I am not sure whether the author just wanted to illustrate the pessimism and grumps mood of the former war hero, however, especially given the huge influence J. K. Rowling is enjoying, I guess it would be much better if the fictional detective appreciates such an effort. This is even more startling as J. K. Rowling is known for her philanthropical nature. Especially given the fact that mediation and other ADR are really helping to protect financial resources of ordinary people all around the globe.
I am afraid it is too late to hope there will be some remedy in the coming Lethal White which is scheduled to be published in September 2018. Anyway, should she choose to set it right, she might consider returning to the Harry Potter world and retrospectively declare that all the Hogwarts School of Witchcraft and Wizardry Scholarships Contracts included a mediation clause.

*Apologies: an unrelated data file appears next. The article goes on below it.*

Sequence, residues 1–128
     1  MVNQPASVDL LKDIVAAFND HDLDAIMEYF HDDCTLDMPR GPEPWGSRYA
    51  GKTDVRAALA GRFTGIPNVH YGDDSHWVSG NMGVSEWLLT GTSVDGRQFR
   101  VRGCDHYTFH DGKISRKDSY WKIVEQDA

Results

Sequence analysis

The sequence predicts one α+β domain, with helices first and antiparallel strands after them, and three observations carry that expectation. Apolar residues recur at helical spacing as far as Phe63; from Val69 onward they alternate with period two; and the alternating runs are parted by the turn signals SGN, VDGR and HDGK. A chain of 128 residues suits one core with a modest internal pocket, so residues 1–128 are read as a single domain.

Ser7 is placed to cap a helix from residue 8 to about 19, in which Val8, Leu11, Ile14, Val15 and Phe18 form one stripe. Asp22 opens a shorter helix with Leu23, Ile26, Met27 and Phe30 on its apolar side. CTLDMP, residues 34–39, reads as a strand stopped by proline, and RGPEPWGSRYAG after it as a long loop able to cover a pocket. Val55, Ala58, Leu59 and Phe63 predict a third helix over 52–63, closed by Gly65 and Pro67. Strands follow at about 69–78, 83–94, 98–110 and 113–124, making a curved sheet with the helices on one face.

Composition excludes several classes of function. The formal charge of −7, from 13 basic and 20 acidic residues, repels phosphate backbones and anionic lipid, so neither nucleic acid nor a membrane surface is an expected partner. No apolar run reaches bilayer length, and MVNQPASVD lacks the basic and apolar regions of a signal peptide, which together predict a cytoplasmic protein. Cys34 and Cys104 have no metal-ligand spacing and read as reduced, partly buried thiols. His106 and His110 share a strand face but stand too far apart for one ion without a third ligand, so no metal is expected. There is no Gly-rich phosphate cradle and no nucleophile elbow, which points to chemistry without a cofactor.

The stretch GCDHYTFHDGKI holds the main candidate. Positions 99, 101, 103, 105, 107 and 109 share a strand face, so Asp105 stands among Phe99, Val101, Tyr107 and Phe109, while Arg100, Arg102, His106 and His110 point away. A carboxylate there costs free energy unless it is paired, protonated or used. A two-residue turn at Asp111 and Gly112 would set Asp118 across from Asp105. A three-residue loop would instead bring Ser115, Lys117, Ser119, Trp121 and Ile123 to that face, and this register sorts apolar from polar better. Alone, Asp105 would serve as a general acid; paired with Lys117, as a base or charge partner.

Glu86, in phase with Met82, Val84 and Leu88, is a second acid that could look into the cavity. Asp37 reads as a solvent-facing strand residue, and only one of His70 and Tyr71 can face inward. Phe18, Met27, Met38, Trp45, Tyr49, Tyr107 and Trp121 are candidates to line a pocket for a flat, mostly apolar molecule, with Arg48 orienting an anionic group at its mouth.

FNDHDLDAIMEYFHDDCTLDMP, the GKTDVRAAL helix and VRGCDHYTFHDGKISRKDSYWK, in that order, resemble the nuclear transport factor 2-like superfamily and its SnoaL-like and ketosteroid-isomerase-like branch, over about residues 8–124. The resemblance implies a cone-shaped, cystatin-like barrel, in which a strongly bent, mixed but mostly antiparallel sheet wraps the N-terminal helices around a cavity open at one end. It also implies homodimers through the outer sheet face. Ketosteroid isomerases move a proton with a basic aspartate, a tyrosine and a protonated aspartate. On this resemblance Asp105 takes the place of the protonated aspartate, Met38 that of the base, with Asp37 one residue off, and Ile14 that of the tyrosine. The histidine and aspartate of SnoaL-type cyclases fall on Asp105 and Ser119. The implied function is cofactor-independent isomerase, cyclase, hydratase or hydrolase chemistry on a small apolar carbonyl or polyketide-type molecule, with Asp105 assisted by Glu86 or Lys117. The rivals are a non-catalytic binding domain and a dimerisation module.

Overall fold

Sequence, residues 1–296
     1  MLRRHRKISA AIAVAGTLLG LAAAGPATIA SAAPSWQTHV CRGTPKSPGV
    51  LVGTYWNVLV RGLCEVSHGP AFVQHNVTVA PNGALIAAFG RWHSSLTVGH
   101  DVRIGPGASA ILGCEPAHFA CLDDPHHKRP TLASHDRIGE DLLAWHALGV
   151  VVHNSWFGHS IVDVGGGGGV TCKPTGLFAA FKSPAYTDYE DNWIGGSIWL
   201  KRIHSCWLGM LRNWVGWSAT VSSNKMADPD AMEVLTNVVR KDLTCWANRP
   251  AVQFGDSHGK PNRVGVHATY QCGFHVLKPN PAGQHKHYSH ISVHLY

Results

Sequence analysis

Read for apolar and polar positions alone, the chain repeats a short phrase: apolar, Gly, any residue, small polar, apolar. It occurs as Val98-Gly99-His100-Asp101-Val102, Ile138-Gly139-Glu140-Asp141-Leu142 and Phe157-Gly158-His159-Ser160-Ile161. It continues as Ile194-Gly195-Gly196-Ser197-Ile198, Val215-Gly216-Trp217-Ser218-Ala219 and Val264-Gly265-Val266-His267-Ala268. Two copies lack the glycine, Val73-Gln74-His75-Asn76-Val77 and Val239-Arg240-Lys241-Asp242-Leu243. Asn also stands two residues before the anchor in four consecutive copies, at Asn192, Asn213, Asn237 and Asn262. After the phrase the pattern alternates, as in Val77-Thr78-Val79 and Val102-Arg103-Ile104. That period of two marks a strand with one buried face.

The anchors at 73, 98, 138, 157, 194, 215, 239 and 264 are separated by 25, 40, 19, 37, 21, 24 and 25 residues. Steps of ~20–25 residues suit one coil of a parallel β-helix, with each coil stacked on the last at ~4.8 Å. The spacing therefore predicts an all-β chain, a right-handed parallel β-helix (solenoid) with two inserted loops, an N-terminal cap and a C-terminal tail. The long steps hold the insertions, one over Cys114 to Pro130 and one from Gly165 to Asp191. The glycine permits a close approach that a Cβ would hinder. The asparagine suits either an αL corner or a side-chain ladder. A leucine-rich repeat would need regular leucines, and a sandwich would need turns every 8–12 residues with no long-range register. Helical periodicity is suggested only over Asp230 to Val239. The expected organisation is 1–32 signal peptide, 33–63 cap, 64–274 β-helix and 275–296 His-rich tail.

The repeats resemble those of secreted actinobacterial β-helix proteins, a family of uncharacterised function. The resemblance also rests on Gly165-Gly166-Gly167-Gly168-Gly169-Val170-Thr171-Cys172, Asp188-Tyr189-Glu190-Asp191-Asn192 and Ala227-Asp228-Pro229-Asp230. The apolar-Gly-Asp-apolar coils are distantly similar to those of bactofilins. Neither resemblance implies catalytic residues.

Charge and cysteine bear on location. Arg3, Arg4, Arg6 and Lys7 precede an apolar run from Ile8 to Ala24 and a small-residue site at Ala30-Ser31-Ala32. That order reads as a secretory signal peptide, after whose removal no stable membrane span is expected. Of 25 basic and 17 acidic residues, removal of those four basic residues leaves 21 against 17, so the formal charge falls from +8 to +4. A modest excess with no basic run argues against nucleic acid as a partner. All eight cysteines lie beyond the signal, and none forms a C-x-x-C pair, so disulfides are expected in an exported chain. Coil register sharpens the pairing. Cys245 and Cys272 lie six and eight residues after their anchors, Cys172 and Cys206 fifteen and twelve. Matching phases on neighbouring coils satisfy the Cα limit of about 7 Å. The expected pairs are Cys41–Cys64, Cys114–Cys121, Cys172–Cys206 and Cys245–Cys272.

One Mediation to Rule them All
Speaking about fantasy word, there is one interesting reference of a contract in the Hobbit novel that is concluded between the main character, Bilbo Baggins, and the company of Dwarfs before launching their trip to Lonely Mountain. The book is quite brief when it comes to the terms of the contract, but the movie brought us more details. Though the long contract plays rather a brief role (Bilbo is signing it as he joined the company after some hesitation), the movie-artists created a real contract, an artifact that starred in the movie. Instead of writing whatever crossed their mind as the Elvish letters Cirth were used and only a few spectators are able to read them, they drafted a realistic contract (if interested you may even purchase its copy or at least read its complete legal analysis according to the common law).
The contract concludes for a Mandatory Binding Arbitration in the Dwarvish Tongue: “Disputes arising between the Contract Parties shall be heard and judged by an arbitrator of the Company’s choosing.” See, the courageous dwarfs did not choose to mediate. This is hardly surprising given their temper that is shown throughout all the book and movie. I guess it would be a different story should the contract be drafted by the sage wizard Gandalf or the wise Elvish queen Galadriel.
Please do not hesitate to comment should you have crossed another mediation example in the books you have read and movies you have watched.